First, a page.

# Why doesn't this options investing strategy work?

I am trying to understand a certain investing strategy involving options. In the example I'm looking at, it seems one can obtain a stock for less than its market price, so there must be something I am missing.

Say I think stock in company X will go up in value, and I plan to buy one share now and sell it in a year. But alternatively, I could choose some price c, buy one call option and sell one put option, both with strike price c and expiration in one year, then put c in escrow to cover the put. My total expense right now is (call option price) - (put option price) + c. At the end of the year, I exercise my call option if and only if the put option I sold was not exercised. The result is, at the end of the year, I have one stock in company X, which I then sell.

I just picked an example at random from an online broker that will sell me call options and let me sell cash-covered put options, and found that (call option price) - (put option price) + c is less than the cost of the stock right now. What's going on here? With call-put strategy, I get a discount on the stock price, so there must be a catch.

Edit: At the time I checked, my broker listed the following prices.

• Share price: \$103.94
• Price to buy a call option with strike price \$135, expiry 7/16: \$0.63
• Price to sell a (cash-covered) put option with strike price \$135, expiry 7/16: \$32.28

If I purchase a call option, sell a put option, and put down \$135 cash to cover the put, my net expense is \$103.35, which is cheaper than buying a share directly.

• Welcome new user. I think you've just made an arithmetic mistake. Don't forget options are for 100. Somewhat confusingly, if the price is say "1.50" that means \$150. This comes up on here all the time. Commented Feb 4, 2021 at 21:08
• Options aren't free, are they? (I admit I'm not that familiar with them outside the context of getting them when you work for a startup.) So isn't this the equivalent of betting on every horse in the race? Commented Feb 4, 2021 at 21:35
• Regarding options being for 100 shares: thanks for the info, I did not know this. It looks to me like the price I'm being quoted is per share though: for a put option with strike price \$135 and listed cost \$32.28, my broker calculates a "break even" price of \$102.72, which is consistent with a price of \$32.28 for a put option on one share. Possibly they did the division by 100 already? Commented Feb 4, 2021 at 21:52
• @ChrisW.Rea The broker had the prices just listed as "price", but I dug a little deeper and found that they were showing me the average of the bid and ask prices. In the example I was looking at, computing (call ask) - (put bid) + (strike price) gave a number that was larger than the current stock price, as expected. So this seems to completely explain what was going on. Commented Feb 4, 2021 at 23:23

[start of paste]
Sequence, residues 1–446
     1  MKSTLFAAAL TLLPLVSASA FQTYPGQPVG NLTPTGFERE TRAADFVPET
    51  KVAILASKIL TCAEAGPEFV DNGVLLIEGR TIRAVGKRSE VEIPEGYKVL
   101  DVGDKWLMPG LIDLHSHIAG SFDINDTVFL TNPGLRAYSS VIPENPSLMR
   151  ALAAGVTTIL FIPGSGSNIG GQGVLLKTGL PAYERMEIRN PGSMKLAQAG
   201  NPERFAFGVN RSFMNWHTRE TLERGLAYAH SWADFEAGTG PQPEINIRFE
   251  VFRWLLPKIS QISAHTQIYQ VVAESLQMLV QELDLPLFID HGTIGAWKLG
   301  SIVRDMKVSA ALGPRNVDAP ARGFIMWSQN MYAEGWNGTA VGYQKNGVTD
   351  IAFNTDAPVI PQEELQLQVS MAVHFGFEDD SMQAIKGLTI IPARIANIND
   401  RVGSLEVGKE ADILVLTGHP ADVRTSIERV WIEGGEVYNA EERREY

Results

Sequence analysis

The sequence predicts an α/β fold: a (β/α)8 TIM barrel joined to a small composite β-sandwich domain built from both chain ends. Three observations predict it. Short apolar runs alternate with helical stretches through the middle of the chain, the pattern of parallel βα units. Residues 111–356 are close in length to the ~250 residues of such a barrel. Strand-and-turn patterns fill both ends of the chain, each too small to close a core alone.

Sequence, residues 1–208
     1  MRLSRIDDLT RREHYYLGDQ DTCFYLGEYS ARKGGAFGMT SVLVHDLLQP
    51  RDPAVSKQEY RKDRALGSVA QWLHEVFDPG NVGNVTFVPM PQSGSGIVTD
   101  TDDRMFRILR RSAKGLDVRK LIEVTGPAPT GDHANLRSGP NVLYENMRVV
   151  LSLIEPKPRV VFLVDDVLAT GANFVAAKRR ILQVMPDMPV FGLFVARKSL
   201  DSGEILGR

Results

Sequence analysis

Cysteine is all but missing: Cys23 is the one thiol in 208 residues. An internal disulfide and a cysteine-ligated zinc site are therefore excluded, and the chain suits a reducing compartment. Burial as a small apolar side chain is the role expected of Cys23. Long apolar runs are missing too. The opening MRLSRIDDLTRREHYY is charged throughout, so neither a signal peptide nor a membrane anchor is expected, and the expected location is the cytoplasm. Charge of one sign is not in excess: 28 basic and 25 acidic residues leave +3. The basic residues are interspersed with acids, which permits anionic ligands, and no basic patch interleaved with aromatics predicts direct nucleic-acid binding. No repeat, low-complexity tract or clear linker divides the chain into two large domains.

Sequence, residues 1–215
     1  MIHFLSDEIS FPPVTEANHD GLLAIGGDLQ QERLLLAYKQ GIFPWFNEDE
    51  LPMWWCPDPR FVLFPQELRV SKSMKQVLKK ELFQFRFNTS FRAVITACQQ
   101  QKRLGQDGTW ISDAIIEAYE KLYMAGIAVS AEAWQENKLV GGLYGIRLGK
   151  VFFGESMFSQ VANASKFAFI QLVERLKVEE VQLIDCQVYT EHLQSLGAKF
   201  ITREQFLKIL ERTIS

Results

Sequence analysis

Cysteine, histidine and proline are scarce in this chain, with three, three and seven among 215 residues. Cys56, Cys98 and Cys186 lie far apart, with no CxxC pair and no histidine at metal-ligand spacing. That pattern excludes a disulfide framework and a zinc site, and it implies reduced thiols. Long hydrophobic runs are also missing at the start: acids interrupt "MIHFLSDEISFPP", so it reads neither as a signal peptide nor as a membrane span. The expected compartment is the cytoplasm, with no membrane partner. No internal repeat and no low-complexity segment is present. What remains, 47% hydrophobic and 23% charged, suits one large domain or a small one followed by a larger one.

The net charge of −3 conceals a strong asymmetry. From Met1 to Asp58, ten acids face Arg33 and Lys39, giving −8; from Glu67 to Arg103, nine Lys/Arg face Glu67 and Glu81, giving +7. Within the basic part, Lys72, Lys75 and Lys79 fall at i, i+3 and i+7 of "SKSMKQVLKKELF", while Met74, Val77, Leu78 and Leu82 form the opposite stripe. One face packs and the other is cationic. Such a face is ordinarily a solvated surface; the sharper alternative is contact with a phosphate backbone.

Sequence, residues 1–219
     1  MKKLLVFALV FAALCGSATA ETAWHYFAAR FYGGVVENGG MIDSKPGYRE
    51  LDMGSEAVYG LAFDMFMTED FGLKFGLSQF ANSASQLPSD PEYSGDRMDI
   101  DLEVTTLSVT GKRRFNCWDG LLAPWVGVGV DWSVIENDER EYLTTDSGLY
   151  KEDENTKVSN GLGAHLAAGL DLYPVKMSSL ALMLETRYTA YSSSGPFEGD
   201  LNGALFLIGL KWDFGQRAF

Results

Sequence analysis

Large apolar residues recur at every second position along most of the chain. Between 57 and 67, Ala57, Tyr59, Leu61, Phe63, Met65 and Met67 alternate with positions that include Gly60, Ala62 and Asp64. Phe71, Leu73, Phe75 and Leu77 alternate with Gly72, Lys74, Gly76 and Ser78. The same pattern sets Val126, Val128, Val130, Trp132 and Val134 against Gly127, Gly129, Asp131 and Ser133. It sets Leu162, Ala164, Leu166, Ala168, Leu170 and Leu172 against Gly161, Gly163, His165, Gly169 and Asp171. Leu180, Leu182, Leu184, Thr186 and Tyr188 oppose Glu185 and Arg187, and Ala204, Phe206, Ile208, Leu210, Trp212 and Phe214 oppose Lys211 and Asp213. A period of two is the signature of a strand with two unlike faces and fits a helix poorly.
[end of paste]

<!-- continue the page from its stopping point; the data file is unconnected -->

• Option contracts are quoted in points since a standard contract is for 100 shares, you have to multiply the contract premium by 100 to get the total amount you’ll have to spend to buy the option. Brokers like Robinhood average the bid and the ask price when they provide a quote. While this may seem sensible, it distorts the actual cost of an option or a combination of them such as this synthetic long (or the credit received). Commented Feb 4, 2021 at 23:37

It's not clear why you are comparing buying one share with taking a synthetic long option position which would be for 100 shares.

A synthetic long position is when you sell a short put and use the proceeds to buy a call at the same strike. Since call premiums are usually higher than put premiums for at-the-money strikes, this can usually be done for a small credit. If the strike price (which you call "c") of the synthetic is below the underlying, it will be a debit (ITM call) and if above, for a credit (ITM put). But the common theme is that the combination of both options results in a small amount of time premium cost or credit. For that reason, it mimics just owning the stock, hence the reason it is called synthetic long stock.

From your description, it appears that you think that the strike price "c" is a credit to you when you execute the synthetic long. If so, that's not the case. "C" is what you buy (or sell) the stock for if either contract is exercised.

Because these options involve the same strike and because it yields a very small time premium debit or small time premium credit, you are not going to `obtain a stock for (much) less than its market price`.

And should you exercise your call at the end of the year, you'll have 100 shares not one stock. In most cases, it's more efficient to sell the call rather than to exercise it to buy stock and then sell the stock (less slippage and fewer commissions if you're still paying them).

One of the problems with questions and answers like this is that there's a good chance that we'll talk past each other based on what you wrote and what the reader thinks you wrote. A far better approach is to provide the stock price, strike price, expiration, dividend (if any) and the respective premiums of the put and the call. Then, there's no confusion about what the strategy is its potential profit and loss.

EDIT:

Based on the quotes that you provided in your edit, the credit from your \$135 synthetic long would be \$31.65. The intrinsic value of the position is \$31.06 (135 - 103.94). Since the credit exceeds the intrinsic value by 59 cents, your cost of acquisition would be \$103.35 (103.94 - .59), matching your calculations.

My initial reaction to these numbers was surprise because deep ITM options tend to have wide bid/ask spreads so though possible, a 59 cent credit seemed high. Having then read your comment that your broker averages the bid ask, I'm no longer surprised because if you use the respective bid and ask prices of the options, the credit will be less than 59 cents.